Guam Legislature Votes To Repeal Raises For Elected Leaders

Lawmakers also vote to increase smoking age from 18 to 21

By Shawn Raymundo

HAGÅTÑA, Guam (Pacific Daily News, March 9, 2017) – Lawmakers Thursday afternoon voted to repeal the controversial pay raises Guam’s elected leaders gave themselves in November 2014. The governor, lieutenant governor and lawmakers will take a pay cut 10 days after the bill becomes law.

Bill 4-34 passed by a 10-5 vote, with Sens. Tom Ada, D-Tamuning; Wil Castro, R-Barrigada; Fernando Esteves, R-Yona; Tommy Morrison, R-Umatac; and Louise Muna, R-Yigo, voting against it.

The Legislature also unanimously passed a bill to increase the legal age to purchase and consume tobacco products, from 18 to 21. The change would take effect Jan. 1, 2018.

“Today brought us one step closer to saving lives, saving money, and protecting our children from the deadly addiction of tobacco,” said Speaker Benjamin Cruz, who wrote Bill 9-34, entitled the “Youth Protection Act of 2017.”

Lawmakers last year also approved a bill by Cruz to increase the tobacco age, but Gov. Eddie Calvo successfully vetoed it, stating it took away an adult’s responsibility.

Raises repealed

Pending action by Calvo, the positions of the governor, lieutenant governor and senators would be removed from the Competitive Wage Act, which means the raises they received under Public Law 32-208 would be rescinded.

The measure, which Sen. Frank Aguon Jr., D-Yona, introduced, reduces Calvo and Lt. Gov. Ray Tenorio’s salaries from $130,000 and $110,000, respectively,  to $90,000 and $85,000. Senators, who now make $85,000, would go back to making roughly $55,000, except for the legislative speaker, who would make $61,000.

With two-thirds of the legislative body in favor of the repeal measure, it’s essentially safe from a gubernatorial veto.

As of press time, the governor's office couldn’t be reached for comment.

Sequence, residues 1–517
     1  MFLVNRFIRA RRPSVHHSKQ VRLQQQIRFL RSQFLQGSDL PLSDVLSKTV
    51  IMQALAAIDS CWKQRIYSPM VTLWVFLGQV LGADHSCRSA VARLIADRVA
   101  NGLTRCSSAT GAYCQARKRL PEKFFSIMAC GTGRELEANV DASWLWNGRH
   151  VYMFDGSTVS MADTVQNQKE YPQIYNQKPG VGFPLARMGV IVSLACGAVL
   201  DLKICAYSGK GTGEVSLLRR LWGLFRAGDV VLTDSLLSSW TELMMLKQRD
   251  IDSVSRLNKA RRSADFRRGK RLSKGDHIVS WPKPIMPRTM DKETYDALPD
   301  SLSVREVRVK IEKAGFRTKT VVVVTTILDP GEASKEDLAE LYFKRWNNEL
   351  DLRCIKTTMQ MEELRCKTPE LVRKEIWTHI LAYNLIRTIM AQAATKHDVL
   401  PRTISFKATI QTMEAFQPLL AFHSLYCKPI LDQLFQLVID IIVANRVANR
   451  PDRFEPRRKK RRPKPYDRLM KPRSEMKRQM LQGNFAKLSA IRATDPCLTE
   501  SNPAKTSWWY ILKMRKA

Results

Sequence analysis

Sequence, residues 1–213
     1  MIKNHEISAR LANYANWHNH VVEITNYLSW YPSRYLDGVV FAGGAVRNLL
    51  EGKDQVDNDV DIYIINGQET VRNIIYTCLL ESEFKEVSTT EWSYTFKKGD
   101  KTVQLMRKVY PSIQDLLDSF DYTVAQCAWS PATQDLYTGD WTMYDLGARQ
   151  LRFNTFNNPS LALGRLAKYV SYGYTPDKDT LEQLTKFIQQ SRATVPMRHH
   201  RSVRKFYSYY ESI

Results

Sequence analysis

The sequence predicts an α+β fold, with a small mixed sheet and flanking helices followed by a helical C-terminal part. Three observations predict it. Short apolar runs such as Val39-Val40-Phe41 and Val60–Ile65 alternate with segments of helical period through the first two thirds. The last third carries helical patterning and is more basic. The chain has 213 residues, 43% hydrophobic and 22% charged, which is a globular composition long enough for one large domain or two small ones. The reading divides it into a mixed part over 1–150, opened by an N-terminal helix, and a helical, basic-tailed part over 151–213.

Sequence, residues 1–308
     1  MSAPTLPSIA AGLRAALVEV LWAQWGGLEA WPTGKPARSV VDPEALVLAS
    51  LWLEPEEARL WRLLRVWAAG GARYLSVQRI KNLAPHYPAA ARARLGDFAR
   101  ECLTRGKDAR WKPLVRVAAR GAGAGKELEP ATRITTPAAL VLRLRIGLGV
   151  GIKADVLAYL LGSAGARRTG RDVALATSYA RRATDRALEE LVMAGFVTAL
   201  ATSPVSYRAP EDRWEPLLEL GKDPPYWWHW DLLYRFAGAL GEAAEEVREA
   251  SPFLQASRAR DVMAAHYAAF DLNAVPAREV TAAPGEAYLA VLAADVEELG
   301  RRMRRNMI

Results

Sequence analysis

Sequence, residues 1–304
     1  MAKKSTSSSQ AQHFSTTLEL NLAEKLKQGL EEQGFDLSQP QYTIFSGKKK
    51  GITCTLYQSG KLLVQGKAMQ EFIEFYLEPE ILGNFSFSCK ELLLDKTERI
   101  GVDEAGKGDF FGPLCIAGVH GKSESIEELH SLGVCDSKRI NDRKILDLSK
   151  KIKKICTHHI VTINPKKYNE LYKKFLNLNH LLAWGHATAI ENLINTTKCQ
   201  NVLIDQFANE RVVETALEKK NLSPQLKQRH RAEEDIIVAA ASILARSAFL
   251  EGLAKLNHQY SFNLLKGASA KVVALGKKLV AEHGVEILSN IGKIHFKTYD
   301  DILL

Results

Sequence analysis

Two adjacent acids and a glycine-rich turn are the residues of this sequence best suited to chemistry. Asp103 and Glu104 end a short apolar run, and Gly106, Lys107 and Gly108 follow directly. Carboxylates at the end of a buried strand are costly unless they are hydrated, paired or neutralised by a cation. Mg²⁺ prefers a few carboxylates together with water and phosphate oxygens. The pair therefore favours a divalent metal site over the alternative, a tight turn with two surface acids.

Sen. Aguon and Sen. Mike San Nicolas, D-Dededo, since 2014 have introduced several failed bills to repeal, or partially repeal the law that gave raises to elected officials. One of San Nicolas’ bills last year passed the Legislature in a 9-5 vote, but Calvo vetoed it.

Health insurance

Lawmakers on Thursday narrowly approved a bill that would require the government to provide health insurance coverage to its employees and retirees that is the most affordable to taxpayers. The vote on bill 3-34, also written by Cruz, was 8-7. If enacted, it would require the government’s health insurance negotiating team to submit to the governor for approval only the most affordable health plan.

Each year, Lt. Gov. Tenorio is presented with two health plan options — an exclusive option, in which one company is awarded the contract, and a non-exclusive plan that allows employees and retirees to choose from several insurance providers.

Over the last four fiscal years, the exclusive option would have saved taxpayers about $54 million, but Tenorio instead has approved the costlier non-exclusive contract. Tenorio makes the decision because Calvo's family owns the government's largest insurance provider, which covers about 90 percent of employees and retirees.

Taxpayers this fiscal year would have saved $20 million, compared to last year, if Tenorio had approved the exclusive plan offered by TakeCare, according to the negotiating team.

Under Bill 3, the negotiating team can only submit the “single most economic and beneficial healthcare insurance proposal plan” to the governor’s office, prohibiting the team from forwarding both exclusive and non-exclusive options.

Pacific Daily News
Copyright © 2017 Guam Pacific Daily News. All Rights Reserved

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